The way the Bayersons told it, the kidnapping of little Claude was simple and straightforward. It was "Good-bye, Claude." "Good-bye, Daddy." When we asked them how they could do that, they said, "Oh, it's perfectly all right. I mean, it's what we were hoping for. That's how we Bayersons get around. Someone steals our children."
Well, I let it drop. What can you do with people like that? How could they stand to have little Claude raised as a Bernardean silver thief? One race one day, another race another. Some aliens have no racial pride. I mean it was cuckoo.
There wasn't anything to do about it so we all sat down to watch the TV together. All of us wanted to see the Savannah Reed show, our favorite.
Savannah's main guest that evening was the first man ever to eat a Mungulu. He was quite open about it, even somewhat defiant. He said, "If you think about it, why should it be ethical to eat only stupid creatures, or deluded ones? It is only blind prejudice that keeps us from eating intelligent beings. This thought came to me one day recently while I was talking with a few glotch of Mungulu on a plate."
"How many Mungulu make up a glotch?" Savannah asked. She's no dummy.
"Between fifteen and twenty, though there are exceptions."
"And what were they doing on a plate?"
"That's where Mungulu usually hang out. Accumulate, I should say. You see, Mungulu are plate-specific."
"I don't think I know this species," Savannah said.
"They're pretty much unique to my section of Yonkers."
"How did they get there?"
"They just pretty well showed up on my plate one night. First only one or two glotch of them. They looked like little oysters. Then more came so we had the half dozen or so it takes to generate a halfway decent conversation."
"Did they say were they were from?"
"A planet called Espadrille. I never did quite catch where it was, quadrantwise."
"Did they say how they got here?"
"Something about surfing the light-waves."
"What gave you the idea of eating the Mungulu?"
"Well, I didn't think about it at all at first. When a creature talks to you, you don't right away think of eating him. Or her. Not if you're civilized. But these Mungulu started showing up on my plate every night. They were pretty casual about it. All lined up on the edge of my good bone china, on the far side from me. Sometimes they'd just talk to each other, act like I wasn't even there. Then one of them would pretend to notice me - oh - it's the Earth guy - and we'd all start talking. This went on every night. I began to think there was something provocative about the way they were doing it. It seemed they were trying to tell me something."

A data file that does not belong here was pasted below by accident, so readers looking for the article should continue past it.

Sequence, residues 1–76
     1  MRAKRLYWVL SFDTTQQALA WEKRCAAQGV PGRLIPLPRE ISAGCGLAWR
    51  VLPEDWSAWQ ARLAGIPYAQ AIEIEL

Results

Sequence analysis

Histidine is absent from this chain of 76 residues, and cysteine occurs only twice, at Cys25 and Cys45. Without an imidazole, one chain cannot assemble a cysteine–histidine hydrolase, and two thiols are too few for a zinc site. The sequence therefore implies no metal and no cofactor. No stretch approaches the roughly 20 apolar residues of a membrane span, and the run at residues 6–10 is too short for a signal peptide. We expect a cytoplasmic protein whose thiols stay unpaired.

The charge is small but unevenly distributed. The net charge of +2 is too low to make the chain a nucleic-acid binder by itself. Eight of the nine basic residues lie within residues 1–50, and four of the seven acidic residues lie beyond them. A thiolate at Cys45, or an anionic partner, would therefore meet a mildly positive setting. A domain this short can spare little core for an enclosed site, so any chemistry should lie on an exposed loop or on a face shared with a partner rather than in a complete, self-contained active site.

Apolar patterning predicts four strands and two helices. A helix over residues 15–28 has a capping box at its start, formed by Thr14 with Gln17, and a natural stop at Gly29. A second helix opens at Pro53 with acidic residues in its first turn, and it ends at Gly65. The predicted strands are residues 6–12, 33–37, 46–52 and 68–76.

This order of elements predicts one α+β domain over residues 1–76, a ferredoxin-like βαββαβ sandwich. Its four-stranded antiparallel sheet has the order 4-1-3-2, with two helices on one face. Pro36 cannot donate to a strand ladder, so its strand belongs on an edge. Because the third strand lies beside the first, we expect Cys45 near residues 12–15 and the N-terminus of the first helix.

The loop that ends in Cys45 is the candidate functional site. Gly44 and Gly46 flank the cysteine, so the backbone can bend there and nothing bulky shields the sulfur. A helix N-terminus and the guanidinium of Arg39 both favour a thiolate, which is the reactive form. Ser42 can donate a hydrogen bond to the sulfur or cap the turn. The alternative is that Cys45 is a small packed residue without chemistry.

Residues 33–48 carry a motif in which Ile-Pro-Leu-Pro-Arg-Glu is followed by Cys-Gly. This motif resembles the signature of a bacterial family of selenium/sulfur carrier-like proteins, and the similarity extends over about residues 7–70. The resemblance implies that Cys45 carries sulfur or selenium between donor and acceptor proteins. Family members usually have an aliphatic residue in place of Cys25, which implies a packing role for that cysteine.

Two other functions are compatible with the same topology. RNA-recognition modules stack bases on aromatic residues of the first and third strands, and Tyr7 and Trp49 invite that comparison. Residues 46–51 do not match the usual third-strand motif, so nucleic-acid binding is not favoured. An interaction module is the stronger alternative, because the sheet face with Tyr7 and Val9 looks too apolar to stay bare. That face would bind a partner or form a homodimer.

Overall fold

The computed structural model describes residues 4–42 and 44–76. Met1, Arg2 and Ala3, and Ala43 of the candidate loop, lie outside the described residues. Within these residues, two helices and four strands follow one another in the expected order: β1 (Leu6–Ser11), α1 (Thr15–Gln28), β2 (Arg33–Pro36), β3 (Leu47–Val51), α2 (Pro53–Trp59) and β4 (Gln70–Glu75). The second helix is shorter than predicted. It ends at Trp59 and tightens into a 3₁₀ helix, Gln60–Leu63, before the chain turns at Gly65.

"Do you think they wanted to be eaten?"
"Well, they never said so, not in so many words, no. But I was starting to get the idea. I mean, if they didn't want to be eaten, what were they doing on the edge of my plate?"
"What happened then?"
"To put it in a nutshell, one night I got sick of horsing around and just for the hell of it I speared one of them on the end of my fork and swallowed it."
"What did the others do?"
"They pretended not to notice. Just went right on with their conversation. Only their talk was a little stupider with one of them missing. Those guys need all the brain power they can come up with."
"Let's get back to this Mungulu you swallowed. Did it protest as it was going down?"
"No, it didn't even blink. It was like it was expecting it. I got the feeling it was no cruel and unusual punishment for a Mungulu to be ingested."
"How did they taste?"
"A little like breaded oysters in hot sauce, only subtly different. Alien, you know."
After the show was over, I noticed a bassinet in a corner of our living room. Inside was a cute little fellow, looked a little like me. At first I thought it was little Claude Bayerson, somehow returned. But Rimb soon put me wise.
"That's little Manny," she said. "He's ours."
"Oh," I said. "I don't remember you having him."
"Technically, I haven't. I've delayed the actual delivery until a more convenient time," she told me.
"Can you do that?"
She nodded. "We of the Ghottich persuasion are able to do that."
"What do you call him?" I asked.
"His name is Manny," Rimb said.
"Is 'Manny' a typical name from your planet?"
"Not at all," Rimb said. "I called him that in honor of your species."
"How do you figure?" I asked.
"The derivation is obvious. 'Manny' stands for 'Little Man'."
"That's not the way we generally do things around here, "I told her. But she didn't understand what I was talking about. Nor did I understand her explanation of the birth process by which Manny came into being. DDs, Deferred Deliveries, aren't customary among Earth people. As far as I could understand it, Rimb would have to undergo the actual delivery at some later time when it was more convenient. But in fact we never got around to it. Sometimes it happens like that.
Manny lay in his crib and ooed and aahed and acted like a human baby would, I suppose. I was a pretty proud poppa. Rimb and I were one of the first viable human-alien intermatings. I later learned it was no big deal. People all over the Earth were doing it. But it seemed important to us at the time.